It took me awhile to console her. She’d let out a wail every time I tried wiping sand out of her left nostril or out of her tiny teeth. Eventually the crows saved the day. It happened to be that perfect time of day where the crows make their migration across town to their night-time abode, and stop at Trout Lake along the way for a snack. We sat on a park bench as I mopped up her face and watched a hundred crows gather on the beach. They cawed delightedly at each other as they found the remnants of seeds and crumbs people had been feeding the ducks throughout the day.
Celia stopped crying and pointed. Always a good sign. She does the same thing when I pick her up from her crib after she’s been crying at the end of a nap. She goes from bawling all alone to suddenly being scooped up in her Daddy’s arms. The sheer shock of the speedy transition takes her a few seconds to compute. She sputters out a few more wails, then points at some random object and says, “Der?”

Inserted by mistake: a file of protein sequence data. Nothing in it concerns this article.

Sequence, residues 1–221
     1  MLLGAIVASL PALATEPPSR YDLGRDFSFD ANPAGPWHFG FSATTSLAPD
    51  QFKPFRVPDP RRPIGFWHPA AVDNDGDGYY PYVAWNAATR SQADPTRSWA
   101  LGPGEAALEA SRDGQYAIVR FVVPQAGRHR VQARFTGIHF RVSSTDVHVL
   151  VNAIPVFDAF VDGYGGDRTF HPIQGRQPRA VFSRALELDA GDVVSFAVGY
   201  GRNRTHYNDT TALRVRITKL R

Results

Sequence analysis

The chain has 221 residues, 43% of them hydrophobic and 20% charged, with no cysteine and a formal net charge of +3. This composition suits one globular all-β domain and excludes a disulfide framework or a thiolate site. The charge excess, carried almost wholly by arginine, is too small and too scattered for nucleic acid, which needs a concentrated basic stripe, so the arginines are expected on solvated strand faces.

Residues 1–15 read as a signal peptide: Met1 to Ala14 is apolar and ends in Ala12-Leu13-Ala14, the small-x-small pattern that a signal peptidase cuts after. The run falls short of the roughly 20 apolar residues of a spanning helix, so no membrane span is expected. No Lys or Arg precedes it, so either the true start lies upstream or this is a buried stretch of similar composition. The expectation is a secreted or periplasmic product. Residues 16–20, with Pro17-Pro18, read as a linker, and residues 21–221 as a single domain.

“Yes, that’s a plant,” I’ll say. “And a beautiful one at that.” I’ll usually expound on the characteristics of the plant for awhile, and then she’ll point at something else and say, “Zat?”
“It’s the bookcase with all our books on it.”
She nods her head silently, enjoying the sound of my voice. The same happened with the crows. I looked at where her finger pointed and knew it was the sheer mass of flying critters that had caught her interest. “Crows, Sweetie. They’re taking a break before they go home.”
We sat there for a few minutes watching silently. I rather enjoyed our little moment together on the bench. It’s hard to get her to settle down and just sit with you, except in the early mornings. And nowadays I don’t see her in the mornings at all except on the weekends, so it felt nice to have a calm daughter sitting there with me. Almost made it feel worth it, all the ugliness of a face plant.